Fourth, China’s approach of placing no political conditions on finance is worth reflecting on. This one is particularly complicated. It is by no means clear that China does not in fact enforce conditions in its relationships with other countries. It is certainly in Australia’s interests, though, to hold China to account on its language of non-interference in other countries more generally. We might also walk the talk, if we do not want to be ignored due to perceived double standards.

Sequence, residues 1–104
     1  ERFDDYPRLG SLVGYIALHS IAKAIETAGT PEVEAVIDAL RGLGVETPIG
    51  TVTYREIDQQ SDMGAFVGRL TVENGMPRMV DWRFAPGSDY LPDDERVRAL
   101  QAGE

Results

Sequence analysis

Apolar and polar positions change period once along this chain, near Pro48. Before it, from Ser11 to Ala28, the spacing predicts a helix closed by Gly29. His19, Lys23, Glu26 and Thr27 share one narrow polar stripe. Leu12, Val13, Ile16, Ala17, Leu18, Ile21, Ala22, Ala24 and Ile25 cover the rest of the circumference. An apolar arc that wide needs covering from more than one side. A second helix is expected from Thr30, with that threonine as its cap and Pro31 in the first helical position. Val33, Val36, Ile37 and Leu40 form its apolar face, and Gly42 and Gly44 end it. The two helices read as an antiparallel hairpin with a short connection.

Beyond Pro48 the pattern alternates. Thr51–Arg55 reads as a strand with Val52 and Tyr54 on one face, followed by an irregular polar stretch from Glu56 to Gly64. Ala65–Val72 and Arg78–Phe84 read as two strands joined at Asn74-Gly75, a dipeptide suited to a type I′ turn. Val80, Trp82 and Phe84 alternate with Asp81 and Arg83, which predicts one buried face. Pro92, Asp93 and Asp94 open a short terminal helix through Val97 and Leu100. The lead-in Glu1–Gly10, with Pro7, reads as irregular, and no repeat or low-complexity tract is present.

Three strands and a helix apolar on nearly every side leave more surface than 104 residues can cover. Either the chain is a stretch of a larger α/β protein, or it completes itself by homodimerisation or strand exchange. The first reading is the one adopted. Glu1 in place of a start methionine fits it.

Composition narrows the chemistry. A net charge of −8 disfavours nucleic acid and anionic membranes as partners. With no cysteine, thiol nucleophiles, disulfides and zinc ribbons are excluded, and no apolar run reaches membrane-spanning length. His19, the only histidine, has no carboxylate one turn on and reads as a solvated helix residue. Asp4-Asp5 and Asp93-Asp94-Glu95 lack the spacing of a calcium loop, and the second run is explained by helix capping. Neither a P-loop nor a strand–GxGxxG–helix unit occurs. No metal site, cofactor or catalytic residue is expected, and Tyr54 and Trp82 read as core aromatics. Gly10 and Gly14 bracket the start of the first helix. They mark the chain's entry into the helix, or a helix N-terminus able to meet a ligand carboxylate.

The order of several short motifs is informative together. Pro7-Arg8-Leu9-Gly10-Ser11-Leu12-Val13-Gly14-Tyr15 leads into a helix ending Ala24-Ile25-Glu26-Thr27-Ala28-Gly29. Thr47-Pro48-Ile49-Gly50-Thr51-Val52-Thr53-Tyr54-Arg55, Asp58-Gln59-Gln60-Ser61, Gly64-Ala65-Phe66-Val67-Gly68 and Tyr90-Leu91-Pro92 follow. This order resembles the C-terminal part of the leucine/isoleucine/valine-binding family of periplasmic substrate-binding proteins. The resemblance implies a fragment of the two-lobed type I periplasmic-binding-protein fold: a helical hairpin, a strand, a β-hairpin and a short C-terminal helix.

Overall, the AIIB experience to date has been a positive one. While it has challenged some of the principles upon which the IMF and World Bank operate, it has generally been considered to have adopted best practices with zero tolerance for corruption, open public procurement and transparent tendering. It now has more than one hundred members and has begun to deliver finance for major projects across the region. The leading destination has been India, otherwise a strategic rival of China, underscoring the value of such institutions for building regional cooperation. Rather than representing “China First”, the AIIB has actively partnered with other multilateral development banks, co-funding most of its projects and attracting international staff. It is also seeking to catalyse more private sector finance for infrastructure, although progress on that front has been delayed by the Covid crisis. In response to the pandemic, the AIIB provided emergency liquidity and crisis recovery funds to members. The bank has brought a particular focus to sustainable infrastructure, aligning its operations with achieving the UN 2030 Sustainable Development Goals. All in all, Australia appears to have made a good investment in joining rather than snubbing the initiative.